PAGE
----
15

I have a lightning component which enqueues server side action. To that action I need to pass a map as one of the parameters, but it looks like it takes memory address of the object instead.

The client side code that creates the map and calls the server side action:

var action = cmp.get("c.save");
var mapToSend = new Map()
for (var key of valueMap.keys()) {
    mapToSend.set(key, valueMap.get(key))
}
action.setParams({
    "name": cmp.get("v.name"),
    "params": mapToSend
});

In the controller then:

 public static Boolean save(String name, Map<String, Object> params) {

log of the javascript shows nice Map with all the correct fields, but salesforce system log shows just

14:55:16.0 (3172304)|VARIABLE_SCOPE_BEGIN|[41]|name|String|false|false
14:55:16.0 (3188041)|VARIABLE_ASSIGNMENT|[41]|name|"Account"
14:55:16.0 (3191758)|VARIABLE_SCOPE_BEGIN|[41]|params|Map<String,ANY>|true|false
14:55:16.0 (3204719)|VARIABLE_ASSIGNMENT|[41]|params|{}|0x30d2397a

Any Idea why? What those |false|false and |true|false mean in the logs?

  • Updated my answer. You can use a Map. I've verified. – Caspar Harmer Jan 27 '17 at 1:21
16

Don't use Map, just use a normal Object. Here's a demonstration:

Apex:

public class LightningMap {
    @AuraEnabled public static void doMap(Map<String, Object> values) {
        System.debug(values);
    }
}

Lightning Controller:

({
    doInit: function(component, event, helper) {
        var action = component.get("c.doMap");
        action.setParams(
            {
                "values": {
                    "Hello": 5,
                    "World": 15
                }
            }
        );
        action.setCallback(this, function(result) {} );
        $A.enqueueAction(action);
    }
})

Demo App:

<aura:application controller="LightningMap">
    <aura:handler name="init" value="{!this}" action="{!c.doInit}" />
</aura:application>

Logged output:

13:16:24.0 (1462121)|USER_DEBUG|[3]|DEBUG|{Hello=5, World=15}

For a more directly applicable version, this is probably what you want:

var mapToSend = {}
for (var key of valueMap.keys()) {
    mapToSend[key] = valueMap.get(key);
}
action.setParams({
    "name": cmp.get("v.name"),
    "params": mapToSend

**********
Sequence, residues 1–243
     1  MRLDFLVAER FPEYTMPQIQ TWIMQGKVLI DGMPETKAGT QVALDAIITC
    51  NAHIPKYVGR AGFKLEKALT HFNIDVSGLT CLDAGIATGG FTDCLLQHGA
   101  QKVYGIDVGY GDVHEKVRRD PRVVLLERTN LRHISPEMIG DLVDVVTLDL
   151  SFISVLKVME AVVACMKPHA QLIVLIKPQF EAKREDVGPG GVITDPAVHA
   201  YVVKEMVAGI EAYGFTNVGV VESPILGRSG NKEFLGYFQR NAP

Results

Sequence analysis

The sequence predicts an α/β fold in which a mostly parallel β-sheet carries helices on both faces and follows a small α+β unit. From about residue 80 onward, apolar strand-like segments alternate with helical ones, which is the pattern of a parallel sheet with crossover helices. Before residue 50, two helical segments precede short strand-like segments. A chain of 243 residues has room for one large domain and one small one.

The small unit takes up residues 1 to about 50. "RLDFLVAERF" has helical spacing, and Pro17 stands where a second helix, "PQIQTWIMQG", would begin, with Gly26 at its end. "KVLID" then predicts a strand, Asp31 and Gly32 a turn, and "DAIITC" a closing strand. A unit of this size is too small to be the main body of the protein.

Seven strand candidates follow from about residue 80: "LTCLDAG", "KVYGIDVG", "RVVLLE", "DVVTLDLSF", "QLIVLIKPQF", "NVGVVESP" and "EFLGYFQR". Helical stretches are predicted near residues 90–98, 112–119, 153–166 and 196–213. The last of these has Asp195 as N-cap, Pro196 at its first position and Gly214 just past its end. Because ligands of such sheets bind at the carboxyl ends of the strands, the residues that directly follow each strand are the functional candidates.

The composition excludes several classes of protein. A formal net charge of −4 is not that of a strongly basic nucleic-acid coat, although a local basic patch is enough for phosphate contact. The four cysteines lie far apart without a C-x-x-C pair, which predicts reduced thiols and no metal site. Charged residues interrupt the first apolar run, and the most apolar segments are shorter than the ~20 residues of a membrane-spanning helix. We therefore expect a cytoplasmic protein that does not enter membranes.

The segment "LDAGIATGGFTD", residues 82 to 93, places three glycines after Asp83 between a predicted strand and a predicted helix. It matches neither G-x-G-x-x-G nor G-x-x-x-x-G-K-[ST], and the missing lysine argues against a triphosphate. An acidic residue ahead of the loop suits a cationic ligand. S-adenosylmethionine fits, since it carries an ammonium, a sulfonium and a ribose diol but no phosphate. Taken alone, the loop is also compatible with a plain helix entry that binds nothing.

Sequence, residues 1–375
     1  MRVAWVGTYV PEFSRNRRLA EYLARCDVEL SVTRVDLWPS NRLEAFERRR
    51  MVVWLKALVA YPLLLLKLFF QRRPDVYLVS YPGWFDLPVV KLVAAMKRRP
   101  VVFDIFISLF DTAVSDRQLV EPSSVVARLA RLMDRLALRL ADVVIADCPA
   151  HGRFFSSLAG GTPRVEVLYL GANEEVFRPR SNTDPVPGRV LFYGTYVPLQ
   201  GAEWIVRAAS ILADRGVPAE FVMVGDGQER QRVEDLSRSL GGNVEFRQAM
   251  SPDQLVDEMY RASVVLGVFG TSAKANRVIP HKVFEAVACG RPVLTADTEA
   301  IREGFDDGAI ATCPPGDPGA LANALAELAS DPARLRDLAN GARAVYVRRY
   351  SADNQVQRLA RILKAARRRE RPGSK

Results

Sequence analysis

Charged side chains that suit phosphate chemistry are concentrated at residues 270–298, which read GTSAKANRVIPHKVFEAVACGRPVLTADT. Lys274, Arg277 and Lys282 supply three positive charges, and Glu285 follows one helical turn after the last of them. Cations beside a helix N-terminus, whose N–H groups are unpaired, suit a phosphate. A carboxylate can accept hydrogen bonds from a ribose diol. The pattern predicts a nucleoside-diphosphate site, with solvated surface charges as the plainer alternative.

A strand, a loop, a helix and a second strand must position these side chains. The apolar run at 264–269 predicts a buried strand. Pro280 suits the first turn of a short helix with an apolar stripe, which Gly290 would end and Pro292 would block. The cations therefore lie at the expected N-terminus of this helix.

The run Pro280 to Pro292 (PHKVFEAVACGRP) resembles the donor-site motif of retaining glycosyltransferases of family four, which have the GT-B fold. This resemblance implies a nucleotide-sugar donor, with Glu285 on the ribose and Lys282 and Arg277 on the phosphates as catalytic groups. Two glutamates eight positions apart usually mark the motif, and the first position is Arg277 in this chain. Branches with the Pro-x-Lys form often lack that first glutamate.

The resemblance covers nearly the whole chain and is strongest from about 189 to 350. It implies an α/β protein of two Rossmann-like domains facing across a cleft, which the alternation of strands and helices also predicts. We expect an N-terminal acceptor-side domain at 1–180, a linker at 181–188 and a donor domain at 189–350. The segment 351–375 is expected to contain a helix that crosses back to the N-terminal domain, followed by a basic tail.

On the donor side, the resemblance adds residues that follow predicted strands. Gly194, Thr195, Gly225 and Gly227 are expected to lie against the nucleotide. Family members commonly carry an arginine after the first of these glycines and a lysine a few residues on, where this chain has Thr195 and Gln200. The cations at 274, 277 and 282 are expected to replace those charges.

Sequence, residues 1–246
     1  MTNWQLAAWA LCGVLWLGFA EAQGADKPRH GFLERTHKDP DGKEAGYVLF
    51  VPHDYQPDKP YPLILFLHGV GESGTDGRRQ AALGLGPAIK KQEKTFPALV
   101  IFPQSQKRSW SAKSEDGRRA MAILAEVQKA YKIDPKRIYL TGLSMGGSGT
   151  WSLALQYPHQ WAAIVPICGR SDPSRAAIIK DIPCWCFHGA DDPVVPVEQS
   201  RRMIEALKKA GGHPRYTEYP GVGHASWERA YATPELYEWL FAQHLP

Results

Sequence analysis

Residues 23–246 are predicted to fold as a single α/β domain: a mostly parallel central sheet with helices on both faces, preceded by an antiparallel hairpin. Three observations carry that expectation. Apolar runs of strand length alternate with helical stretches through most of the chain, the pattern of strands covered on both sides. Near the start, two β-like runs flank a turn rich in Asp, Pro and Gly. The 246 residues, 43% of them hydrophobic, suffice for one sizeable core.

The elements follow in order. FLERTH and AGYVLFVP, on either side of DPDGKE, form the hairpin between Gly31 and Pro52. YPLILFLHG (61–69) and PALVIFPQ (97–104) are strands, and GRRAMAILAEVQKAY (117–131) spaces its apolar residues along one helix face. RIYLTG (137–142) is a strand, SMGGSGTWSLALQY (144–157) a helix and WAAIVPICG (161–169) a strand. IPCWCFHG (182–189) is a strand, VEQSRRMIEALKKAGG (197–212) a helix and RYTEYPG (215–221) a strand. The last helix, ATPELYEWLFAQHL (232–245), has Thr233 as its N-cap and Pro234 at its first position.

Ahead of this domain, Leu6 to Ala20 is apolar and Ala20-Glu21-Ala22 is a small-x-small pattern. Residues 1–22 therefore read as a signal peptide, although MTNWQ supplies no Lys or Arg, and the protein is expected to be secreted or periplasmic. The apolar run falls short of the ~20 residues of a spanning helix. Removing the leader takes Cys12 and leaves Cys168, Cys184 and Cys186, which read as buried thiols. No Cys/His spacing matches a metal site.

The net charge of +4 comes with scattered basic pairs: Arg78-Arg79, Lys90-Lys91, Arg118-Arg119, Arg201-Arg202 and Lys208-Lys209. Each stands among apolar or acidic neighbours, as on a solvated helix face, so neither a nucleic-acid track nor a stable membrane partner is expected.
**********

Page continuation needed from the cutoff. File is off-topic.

});
| improve this answer | |
  • The more directly applicable version is what I wanted. Thanks. – JaKu Jan 26 '17 at 22:03
  • 2
    @JaKu Glad I could help. Not sure why Map doesn't work, since they're basically the same thing as an Object, but I prefer the Object notation anyways, since it feels more... JavaScript-y. – sfdcfox Jan 26 '17 at 22:05
2

UPDATE

Ok, I was bugged by this one and made my own test app.

The result is: you CAN have a Map. You just need to make sure it's declared in the markup and has a default="{}" attribute specified (I initially specified some keys, but you don't even need those, just empty braces)

So, component markup:

<aura:component controller="Your_Controller">
    <aura:attribute name="theMap" type="Map" default="{}"/>
    <aura:handler name="init" value="{!this}" action="{!c.doInit}" />
</aura:component>

Controller code:

({
    doInit : function(component, event, helper) {
        var action = component.get("c.testMap");
        var theMap = component.get("v.theMap");
        //add some params
        theMap["key1"]="blah1";
        theMap["key2"]="blah2";
        action.setParams({
           "params": theMap
        });
        action.setCallback(this, function(result) {} );
        $A.enqueueAction(action);
    }
})

Server side controller:

@AuraEnabled
public static void testMap(Map<String, Object> params){
    System.debug(JSON.serialize(params));
}

So you CAN have a Map. You just need to declare it in the markup! Hooray!!

| improve this answer | |
  • The difference is between defining the variable as new Map() and {}, only the second example works probably due to the way JS handles the object. It doesn't matter if the definition is in markup or in code as in @sfdcfox 's answer – JaKu Jan 27 '17 at 10:21
  • @grayjustice - correct? – Caspar Harmer Jun 18 '18 at 5:46
  • 1
    @CasparHarmer That's not exactly the same issue, though. Why should we have to declare something in markup something that will only be used to send params to the server? – sfdcfox Jun 18 '18 at 8:52
  • Good point. Removed my silly update. – Caspar Harmer Jun 18 '18 at 9:59

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